The term 'folkbiology' refers to people's everyday
understanding of the biological world--how they perceive,
categorize, and reason about living kinds. The study of folkbiology
not only sheds light on human nature, it may ultimately help us
make the transition to a global economy without irreparably
damaging the environment or destroying local cultures.
This book takes an interdisciplinary approach, bringing together
the work of researchers in anthropology, cognitive and
developmental psychology, biology, and philosophy of science. The
issues covered include: Are folk taxonomies a first-order
approximation to classical scientific taxonomies, or are they
driven more directly by utilitarian concerns? How are these
category schemes linked to reasoning about natural kinds? Is there
any nontrivial sense in which folk-taxonomic structures are
universal? What impact does science have on folk taxonomy?
Together, the chapters present the current foundations of
folkbiology and indicate new directions in research.
Contributors: Scott Atran, Terry Kit-fong Au, Brent Berlin, K.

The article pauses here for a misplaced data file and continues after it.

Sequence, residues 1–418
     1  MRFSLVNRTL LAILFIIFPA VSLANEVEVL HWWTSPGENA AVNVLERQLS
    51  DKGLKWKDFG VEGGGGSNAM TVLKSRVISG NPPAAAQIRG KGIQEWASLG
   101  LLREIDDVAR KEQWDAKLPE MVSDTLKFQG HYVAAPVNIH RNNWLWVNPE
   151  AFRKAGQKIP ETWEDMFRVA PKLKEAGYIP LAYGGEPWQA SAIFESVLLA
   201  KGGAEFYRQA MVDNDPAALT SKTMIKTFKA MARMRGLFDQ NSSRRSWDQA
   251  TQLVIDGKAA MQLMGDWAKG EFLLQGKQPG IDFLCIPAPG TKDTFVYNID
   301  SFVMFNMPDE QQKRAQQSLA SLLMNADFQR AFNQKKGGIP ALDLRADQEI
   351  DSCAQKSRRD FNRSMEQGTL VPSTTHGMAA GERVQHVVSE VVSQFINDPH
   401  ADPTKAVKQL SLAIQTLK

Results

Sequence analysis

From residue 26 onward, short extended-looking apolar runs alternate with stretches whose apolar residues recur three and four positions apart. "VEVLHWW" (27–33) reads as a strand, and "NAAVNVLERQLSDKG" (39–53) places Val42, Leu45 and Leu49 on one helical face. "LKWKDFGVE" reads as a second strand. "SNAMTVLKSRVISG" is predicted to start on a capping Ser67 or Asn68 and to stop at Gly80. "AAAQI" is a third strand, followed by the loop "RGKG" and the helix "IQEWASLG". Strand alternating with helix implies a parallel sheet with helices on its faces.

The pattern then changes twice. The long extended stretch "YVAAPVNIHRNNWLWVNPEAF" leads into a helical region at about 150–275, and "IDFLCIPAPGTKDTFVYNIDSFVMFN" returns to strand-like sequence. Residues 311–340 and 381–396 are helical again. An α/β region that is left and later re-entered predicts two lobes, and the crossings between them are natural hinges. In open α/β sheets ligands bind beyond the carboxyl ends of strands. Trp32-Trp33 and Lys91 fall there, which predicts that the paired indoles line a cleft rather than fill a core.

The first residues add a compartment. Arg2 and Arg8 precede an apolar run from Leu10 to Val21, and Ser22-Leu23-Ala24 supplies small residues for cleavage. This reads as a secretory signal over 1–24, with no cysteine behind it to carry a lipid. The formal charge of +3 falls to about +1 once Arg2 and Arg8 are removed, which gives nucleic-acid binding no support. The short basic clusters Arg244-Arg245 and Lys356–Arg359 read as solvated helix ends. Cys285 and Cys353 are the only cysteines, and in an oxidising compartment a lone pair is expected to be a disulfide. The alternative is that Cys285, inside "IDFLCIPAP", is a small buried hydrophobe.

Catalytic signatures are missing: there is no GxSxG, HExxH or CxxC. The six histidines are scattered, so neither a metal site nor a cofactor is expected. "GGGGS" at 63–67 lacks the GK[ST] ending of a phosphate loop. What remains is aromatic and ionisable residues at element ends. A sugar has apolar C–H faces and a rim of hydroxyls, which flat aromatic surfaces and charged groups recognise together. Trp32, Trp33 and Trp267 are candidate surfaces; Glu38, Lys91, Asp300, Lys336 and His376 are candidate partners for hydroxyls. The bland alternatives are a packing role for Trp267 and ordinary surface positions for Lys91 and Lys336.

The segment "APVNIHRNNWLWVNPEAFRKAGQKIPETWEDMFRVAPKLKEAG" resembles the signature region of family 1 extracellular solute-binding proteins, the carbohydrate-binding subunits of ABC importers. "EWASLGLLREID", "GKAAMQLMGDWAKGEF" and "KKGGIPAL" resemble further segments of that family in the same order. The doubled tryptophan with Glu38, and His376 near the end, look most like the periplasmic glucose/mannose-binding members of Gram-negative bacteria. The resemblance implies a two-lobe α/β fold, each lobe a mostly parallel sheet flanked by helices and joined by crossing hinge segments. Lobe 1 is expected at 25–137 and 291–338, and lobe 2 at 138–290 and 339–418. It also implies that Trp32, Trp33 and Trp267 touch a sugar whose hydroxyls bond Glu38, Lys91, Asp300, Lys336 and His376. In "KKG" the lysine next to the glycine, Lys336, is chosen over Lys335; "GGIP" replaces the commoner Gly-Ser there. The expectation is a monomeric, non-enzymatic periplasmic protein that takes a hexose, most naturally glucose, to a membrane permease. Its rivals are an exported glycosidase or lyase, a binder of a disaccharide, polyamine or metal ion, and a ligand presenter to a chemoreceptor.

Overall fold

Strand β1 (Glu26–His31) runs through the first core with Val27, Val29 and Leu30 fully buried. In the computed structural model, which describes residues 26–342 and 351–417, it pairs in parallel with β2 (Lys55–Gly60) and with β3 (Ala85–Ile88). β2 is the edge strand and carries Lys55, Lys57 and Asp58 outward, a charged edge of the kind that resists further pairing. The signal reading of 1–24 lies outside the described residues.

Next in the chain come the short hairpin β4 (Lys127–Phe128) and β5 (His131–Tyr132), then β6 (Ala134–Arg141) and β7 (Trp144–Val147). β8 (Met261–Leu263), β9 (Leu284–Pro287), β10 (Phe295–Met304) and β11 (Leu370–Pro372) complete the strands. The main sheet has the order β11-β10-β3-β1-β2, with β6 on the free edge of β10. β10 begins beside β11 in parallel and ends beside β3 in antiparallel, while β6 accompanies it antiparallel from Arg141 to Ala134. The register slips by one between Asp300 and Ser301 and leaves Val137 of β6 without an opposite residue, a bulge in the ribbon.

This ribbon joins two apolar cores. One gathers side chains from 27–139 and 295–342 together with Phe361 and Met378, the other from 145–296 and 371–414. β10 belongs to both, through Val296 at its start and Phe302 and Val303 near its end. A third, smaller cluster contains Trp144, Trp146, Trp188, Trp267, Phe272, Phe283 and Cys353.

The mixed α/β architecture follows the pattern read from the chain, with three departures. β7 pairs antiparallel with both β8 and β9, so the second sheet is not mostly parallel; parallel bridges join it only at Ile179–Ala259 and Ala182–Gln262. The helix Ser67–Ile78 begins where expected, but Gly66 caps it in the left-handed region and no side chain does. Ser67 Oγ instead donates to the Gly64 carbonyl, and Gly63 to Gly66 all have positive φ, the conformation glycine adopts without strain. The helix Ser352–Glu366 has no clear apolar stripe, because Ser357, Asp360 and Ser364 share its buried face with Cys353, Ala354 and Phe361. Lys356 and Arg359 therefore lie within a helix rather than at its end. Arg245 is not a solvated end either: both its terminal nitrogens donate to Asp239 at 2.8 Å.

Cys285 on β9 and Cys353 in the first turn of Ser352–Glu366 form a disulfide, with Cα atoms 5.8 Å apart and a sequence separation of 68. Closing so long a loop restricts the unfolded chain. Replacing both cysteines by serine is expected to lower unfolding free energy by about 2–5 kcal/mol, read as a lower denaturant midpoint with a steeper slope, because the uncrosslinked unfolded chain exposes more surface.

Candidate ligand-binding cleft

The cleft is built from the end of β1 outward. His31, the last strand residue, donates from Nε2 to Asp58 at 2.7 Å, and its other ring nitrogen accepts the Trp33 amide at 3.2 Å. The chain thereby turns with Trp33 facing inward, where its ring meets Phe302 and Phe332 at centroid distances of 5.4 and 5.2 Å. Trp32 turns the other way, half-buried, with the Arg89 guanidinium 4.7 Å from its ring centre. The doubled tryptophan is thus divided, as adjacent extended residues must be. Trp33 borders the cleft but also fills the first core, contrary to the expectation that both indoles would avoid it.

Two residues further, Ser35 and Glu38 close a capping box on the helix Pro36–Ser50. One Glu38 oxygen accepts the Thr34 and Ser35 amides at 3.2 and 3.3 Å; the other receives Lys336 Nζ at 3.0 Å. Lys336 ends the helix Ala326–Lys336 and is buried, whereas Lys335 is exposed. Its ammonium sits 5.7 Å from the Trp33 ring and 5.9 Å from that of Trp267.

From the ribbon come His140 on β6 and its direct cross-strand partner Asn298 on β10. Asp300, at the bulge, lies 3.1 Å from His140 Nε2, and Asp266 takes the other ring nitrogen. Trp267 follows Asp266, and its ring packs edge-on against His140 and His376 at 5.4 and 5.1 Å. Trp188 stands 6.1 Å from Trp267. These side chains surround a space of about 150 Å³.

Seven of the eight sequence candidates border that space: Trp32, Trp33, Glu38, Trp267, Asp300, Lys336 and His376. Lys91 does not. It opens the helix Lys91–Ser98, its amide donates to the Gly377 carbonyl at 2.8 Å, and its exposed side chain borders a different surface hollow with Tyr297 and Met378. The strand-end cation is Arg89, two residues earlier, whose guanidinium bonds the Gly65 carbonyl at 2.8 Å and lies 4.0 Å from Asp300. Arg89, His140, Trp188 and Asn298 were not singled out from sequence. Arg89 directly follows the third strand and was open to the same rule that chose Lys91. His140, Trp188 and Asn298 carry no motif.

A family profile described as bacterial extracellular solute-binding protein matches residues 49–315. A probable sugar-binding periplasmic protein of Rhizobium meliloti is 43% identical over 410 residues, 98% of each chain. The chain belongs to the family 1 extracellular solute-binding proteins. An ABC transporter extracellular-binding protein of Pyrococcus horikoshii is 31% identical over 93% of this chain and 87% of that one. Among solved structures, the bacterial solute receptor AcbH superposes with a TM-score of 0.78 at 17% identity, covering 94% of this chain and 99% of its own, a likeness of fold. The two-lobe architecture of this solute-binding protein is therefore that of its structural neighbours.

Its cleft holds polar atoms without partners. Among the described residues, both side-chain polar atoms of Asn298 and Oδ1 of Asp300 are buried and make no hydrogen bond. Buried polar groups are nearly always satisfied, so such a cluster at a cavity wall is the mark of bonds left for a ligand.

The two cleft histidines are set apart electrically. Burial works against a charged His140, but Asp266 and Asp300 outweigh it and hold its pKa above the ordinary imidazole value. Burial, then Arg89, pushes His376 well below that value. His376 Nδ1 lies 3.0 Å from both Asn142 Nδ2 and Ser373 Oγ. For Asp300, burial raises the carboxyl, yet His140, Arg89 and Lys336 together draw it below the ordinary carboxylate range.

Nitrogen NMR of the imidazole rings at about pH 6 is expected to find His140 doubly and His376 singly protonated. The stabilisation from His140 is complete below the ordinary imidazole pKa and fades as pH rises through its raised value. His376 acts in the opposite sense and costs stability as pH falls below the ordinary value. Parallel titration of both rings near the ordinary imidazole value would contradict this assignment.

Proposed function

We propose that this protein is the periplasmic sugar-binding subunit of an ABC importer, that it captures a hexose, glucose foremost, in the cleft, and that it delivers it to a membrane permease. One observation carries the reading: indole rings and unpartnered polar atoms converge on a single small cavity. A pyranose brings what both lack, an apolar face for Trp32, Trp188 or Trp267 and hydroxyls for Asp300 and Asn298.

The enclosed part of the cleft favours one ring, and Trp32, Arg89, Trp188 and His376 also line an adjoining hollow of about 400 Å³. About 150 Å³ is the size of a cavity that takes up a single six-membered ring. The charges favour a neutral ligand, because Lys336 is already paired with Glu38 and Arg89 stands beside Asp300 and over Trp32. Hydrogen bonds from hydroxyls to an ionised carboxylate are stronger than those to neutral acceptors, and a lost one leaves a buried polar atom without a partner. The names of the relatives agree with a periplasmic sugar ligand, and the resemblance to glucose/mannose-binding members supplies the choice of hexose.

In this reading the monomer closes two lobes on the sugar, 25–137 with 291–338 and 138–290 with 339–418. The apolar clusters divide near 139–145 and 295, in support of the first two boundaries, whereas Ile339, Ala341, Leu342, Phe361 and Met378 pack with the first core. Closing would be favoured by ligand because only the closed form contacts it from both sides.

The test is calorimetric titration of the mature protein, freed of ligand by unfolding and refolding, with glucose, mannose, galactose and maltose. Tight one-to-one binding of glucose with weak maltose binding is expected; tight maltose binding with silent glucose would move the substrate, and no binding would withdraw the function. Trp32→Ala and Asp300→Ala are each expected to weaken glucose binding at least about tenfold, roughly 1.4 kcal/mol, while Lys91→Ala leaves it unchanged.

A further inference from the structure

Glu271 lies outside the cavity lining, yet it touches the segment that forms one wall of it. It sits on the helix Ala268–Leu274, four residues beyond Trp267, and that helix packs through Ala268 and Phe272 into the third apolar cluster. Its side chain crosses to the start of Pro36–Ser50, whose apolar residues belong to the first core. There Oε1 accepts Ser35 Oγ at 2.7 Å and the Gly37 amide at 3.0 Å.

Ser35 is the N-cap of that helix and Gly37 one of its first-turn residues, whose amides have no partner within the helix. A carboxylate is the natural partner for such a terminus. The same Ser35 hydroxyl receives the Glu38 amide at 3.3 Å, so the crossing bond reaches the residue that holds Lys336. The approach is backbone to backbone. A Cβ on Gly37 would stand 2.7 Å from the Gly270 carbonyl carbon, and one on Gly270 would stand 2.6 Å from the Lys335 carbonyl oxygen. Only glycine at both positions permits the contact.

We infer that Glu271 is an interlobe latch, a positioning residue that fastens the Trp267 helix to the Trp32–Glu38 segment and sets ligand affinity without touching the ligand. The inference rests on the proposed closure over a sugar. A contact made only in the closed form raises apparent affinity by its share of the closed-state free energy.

David Bishop, John D. Coley, Jared Diamond, John Dupreacute;, Roy
Ellen, Susan A. Gelman, Michael T. Ghiselin, Grant Gutheil, Giyoo
Hatano, Lawrence A. Hirschfeld, David L. Hull, Eugene Hunn, Kayoko
Inagaki, Frank C. Keil, Daniel T. Levin, Elizabeth Lynch, Douglas
L. Medin, Julia Beth Proffitt, Bethany A. Richman, Laura F. Romo,
Sandra R. Waxman.
" Folk Biology is an excellent collection of original articlesthat will be a great aid to scholars and students interested inanthropological and psychological aspects of ethnobiology." Ronald W. Casson , Department of Anthropology, Oberlin College
Douglas Medin is Professor in the Psychology Department atNorthwestern University. He is the coeditor, with Scott Atran, of Folkbiology (MIT Press, 1999). Scott Atran is Research Director in Anthropology at France's National Center for Scientific Research and Visiting Professor of Psychology and Public Policy at the University of Michigan. He is the coeditor, with Douglas Medin, of Folkbiology (MIT Press, 1999).